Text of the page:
"Good Goods" at Yale Rep
by David A. Rosenberg
In addition to its contribution to Black History Month, “Good Goods” at New Haven’s Yale Rep has the distinction of incorporating exorcism which, heaven help us, seems to be making a comeback. Playwright Christina Anderson's characters also deal with an uneasy mix of gay issues, prophecies and thwarted careers.
A conversation between Anderson and director Tina Landau, as printed in the program, gives a hefty clue. “There are so many themes that the play deals with,” says Landau. “Possession, identity, gender identity but also self-identity.” To which Anderson adds “Spirituality, otherworldliness and love and new beginnings and connections.”
Fine, but Anderson, a promising writer, leaps from one to another as if negotiating peaks -- but no valleys. Connective tissue is missing and the evening is a structural mess. We get intimations of curses and an “invasion” of some sort. But these are casual and underdeveloped, lacking hinges to the characters. Anderson revels in unexplained ambiguities, without the necessary hints that make sense of what she’s trying to say.
Take that “invasion.” It may refer to historical fact when, in the years following World War I, whites took over black towns. But the playwright doesn’t bother to explain and, indeed, wallows in obscurity, describing the drama’s setting as “a small town/village that doesn’t appear on any map.” Time is given as “1961 and 1994, and everything in between,” though the action seems quite chronological.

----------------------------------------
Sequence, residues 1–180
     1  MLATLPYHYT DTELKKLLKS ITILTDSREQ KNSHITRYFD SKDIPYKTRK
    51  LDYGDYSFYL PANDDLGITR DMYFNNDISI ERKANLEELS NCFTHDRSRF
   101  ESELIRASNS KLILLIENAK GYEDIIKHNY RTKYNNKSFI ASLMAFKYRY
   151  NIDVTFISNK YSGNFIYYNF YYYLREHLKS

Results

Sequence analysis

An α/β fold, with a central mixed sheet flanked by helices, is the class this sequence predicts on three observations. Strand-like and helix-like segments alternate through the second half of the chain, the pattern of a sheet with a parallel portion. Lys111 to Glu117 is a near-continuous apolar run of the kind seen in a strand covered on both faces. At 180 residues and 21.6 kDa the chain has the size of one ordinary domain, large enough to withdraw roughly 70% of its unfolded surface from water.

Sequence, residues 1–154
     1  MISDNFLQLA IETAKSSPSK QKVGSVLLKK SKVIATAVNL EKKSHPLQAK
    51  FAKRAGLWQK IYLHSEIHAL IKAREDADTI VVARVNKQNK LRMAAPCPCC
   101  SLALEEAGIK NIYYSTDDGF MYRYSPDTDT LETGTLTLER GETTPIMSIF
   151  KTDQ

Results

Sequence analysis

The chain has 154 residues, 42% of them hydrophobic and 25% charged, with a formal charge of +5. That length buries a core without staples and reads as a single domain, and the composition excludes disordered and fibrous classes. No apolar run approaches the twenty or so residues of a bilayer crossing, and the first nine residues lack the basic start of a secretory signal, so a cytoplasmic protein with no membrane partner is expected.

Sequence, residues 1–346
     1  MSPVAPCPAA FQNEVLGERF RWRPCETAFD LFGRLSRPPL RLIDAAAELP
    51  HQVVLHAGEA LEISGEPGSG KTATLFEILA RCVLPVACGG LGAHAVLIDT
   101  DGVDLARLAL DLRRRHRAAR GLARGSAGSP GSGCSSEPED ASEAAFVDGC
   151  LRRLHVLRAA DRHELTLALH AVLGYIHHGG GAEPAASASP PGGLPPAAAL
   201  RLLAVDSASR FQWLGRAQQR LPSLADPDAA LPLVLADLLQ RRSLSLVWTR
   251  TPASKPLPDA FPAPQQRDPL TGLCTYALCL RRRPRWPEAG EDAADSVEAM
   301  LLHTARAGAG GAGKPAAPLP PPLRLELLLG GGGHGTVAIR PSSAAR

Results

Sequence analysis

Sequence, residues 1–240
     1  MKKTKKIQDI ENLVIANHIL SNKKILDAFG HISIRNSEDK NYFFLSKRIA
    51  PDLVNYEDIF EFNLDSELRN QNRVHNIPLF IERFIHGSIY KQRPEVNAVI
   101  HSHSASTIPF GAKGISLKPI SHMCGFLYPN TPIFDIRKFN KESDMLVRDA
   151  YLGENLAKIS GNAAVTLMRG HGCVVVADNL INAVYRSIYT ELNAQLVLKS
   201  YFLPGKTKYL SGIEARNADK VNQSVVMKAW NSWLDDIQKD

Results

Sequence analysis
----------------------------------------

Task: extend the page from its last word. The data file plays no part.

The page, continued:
In a well-stocked general store named Good Goods (designed with terrific detail by James Schuette), Stacey, the store’s present owner, has returned from a gig as one half of a comedy-singing team. He’s greeted by the store manager, Truth, who’s none too happy to see him. Stacey’s performance partner, Patricia, shows up to celebrate her birthday with her twin, Wire. In tow with Patricia is the young Sunny, running away from her impending marriage.
The smoke-belching factory behind the store has its own history, something about Ivory, a young woman who had a vision of her legacy’s being wiped out. That strand is given new life when one of Ivory’s relatives dies. Yearning to re-join his clan, the dead man possesses Sunny’s body, leading to a fire and brimstone exorcism conducted by the androgynous Hunter Priestess, Waymon.
For all the play’s doses of magic realism, the exorcism, though thrillingly executed, seems tacked on as a literary device. The playwright would do well to study how her Yale Rep predecessor, August Wilson, melded realism and symbolism.
Meanwhile, she should thank everyone involved in this first-class production, starting with vigorous direction by Tina Landau. The cast -- Clifton Duncan, De’Adre Aziza, Marc Damon Johnson, Kyle Beltran and Oberon K. A. Adjepong -- is exemplary, topped by Angela Lewis’ hair-raising Sunny. If nothing else, she makes this particular Black History Month memorable.